"We will do studies on recovery in sport. From research carried out, 55 per cent of food supplements contain illegal THC, that is very concerning for sports people and they need to be very careful what they are buying because THC is a banned substance. We are in discussions with Liverpool's John Moore's University. We have agreed do to clinical trials alongside them and research athletes with them.

"We are going to look at boxers initially because boxers probably go through the most gruelling training sessions of all sports, so for them to recover the next day without muscle soreness is [important]. We will look at rugby and hurlers and we will look at bowlers in cricket as they have problems with their rotator cuffs.

"The reason we can do this is because we have done all our Phase One studies which puts us on a really good platform."

CBD versus Covid-19

Due to emerging evidence about CBD being effective in patients with Covid-19, Pureis is currently commissioning trials to research the anti-inflammatory qualities of the component against the virus.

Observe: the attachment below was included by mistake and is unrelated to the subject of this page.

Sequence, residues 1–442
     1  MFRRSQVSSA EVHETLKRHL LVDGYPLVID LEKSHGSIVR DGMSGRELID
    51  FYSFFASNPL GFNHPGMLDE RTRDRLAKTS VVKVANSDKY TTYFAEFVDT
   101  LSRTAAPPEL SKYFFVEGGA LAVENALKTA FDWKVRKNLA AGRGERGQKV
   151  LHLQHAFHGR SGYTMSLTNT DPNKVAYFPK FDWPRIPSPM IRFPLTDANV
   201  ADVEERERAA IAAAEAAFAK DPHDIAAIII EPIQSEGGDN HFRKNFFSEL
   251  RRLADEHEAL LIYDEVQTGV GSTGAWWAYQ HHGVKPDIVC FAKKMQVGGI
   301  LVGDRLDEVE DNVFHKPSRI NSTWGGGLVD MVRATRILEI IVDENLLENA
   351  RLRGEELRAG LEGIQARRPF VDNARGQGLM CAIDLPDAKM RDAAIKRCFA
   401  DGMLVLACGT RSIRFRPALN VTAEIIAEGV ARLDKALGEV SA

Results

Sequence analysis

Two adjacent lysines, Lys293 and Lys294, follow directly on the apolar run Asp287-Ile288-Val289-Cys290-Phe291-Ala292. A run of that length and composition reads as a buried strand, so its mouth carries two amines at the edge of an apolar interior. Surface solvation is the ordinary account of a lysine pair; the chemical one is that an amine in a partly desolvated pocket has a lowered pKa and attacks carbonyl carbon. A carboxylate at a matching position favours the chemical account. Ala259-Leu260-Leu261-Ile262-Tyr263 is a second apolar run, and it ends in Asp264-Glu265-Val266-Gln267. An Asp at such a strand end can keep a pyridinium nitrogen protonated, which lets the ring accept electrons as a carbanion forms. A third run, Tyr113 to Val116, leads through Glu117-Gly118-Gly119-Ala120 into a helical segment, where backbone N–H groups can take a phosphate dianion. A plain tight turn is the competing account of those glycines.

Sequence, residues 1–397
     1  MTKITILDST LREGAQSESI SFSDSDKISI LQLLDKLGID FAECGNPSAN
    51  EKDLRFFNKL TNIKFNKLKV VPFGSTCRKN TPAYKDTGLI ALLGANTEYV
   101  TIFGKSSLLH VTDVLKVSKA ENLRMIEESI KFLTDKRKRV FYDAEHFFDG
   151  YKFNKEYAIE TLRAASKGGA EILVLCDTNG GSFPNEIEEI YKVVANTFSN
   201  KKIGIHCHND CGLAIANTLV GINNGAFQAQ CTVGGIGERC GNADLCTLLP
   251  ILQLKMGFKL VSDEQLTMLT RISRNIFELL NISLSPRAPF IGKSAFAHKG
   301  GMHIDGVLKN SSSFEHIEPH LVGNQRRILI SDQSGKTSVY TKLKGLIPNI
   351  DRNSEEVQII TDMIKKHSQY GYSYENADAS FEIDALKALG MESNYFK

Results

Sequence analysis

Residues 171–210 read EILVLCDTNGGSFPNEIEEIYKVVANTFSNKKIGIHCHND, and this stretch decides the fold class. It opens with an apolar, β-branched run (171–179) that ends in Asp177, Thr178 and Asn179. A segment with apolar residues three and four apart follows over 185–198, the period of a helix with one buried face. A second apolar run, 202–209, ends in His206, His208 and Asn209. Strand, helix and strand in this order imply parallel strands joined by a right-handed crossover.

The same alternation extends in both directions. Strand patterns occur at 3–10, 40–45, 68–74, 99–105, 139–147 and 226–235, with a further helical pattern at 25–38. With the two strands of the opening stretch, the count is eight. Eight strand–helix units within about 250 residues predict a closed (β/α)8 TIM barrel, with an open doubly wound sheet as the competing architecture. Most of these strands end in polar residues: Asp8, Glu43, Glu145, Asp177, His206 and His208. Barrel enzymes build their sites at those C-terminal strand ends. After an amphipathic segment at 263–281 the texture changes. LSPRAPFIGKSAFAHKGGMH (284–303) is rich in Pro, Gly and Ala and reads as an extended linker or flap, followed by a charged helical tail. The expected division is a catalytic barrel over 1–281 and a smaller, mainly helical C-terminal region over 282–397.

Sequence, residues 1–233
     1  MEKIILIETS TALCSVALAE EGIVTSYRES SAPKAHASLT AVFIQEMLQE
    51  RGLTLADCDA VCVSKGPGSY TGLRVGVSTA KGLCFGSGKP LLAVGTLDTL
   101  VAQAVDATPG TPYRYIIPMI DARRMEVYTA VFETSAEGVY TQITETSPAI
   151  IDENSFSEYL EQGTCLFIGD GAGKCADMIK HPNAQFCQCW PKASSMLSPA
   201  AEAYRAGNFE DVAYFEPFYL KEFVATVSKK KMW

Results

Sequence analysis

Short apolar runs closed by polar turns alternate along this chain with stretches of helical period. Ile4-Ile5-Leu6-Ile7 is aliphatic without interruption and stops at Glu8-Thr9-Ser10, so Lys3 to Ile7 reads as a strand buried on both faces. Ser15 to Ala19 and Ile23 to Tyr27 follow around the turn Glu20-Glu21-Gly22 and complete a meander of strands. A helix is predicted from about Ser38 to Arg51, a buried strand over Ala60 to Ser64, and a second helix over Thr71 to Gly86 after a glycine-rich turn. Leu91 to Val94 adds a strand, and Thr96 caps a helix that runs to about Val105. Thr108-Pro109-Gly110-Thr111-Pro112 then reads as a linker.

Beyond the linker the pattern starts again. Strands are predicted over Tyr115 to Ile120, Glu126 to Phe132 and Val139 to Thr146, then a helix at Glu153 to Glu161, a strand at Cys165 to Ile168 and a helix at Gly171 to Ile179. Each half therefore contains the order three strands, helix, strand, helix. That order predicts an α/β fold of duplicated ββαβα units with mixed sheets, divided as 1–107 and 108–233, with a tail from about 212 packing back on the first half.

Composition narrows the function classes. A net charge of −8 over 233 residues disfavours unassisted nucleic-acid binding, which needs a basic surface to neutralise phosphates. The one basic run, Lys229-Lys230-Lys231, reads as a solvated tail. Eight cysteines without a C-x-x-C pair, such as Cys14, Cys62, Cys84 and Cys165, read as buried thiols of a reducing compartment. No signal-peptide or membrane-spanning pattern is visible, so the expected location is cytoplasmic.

Glynn says; "Covid-19 triggers a severe inflammation response and unfortunately, that inflammation causes the devastating injuries and in some cases death. When inflammation occurs it is known as the Cytokine storm, and CBD is known to downregulate certain Cytokines in the body. That is one way of potentially halting the spread of the virus through the body.

"CBD is also very powerful anti-oxidant which means if a cell is acting abnormally, an antioxidant comes in and [destroys] that cell. The really interesting area is when a patient contracts Covid-19; the way the virus enters the body is through an enzyme known ACE2. CBD is known basically to switch off that enzyme and if you can do that successfully, it will help halt the spread of the virus so the body has an opportunity to recognise this foreign pathogen and then create the antibodies to fight it off.

"To do any clinical trial you have to establish safety first, so we have that bit done. We have fully characterised the raw material and the next step is to engage with a clinical trial in Australia. We are looking at a healthy volunteer situation, taking blood out of the body and spiking it, to see is it helping against the inflammation markers.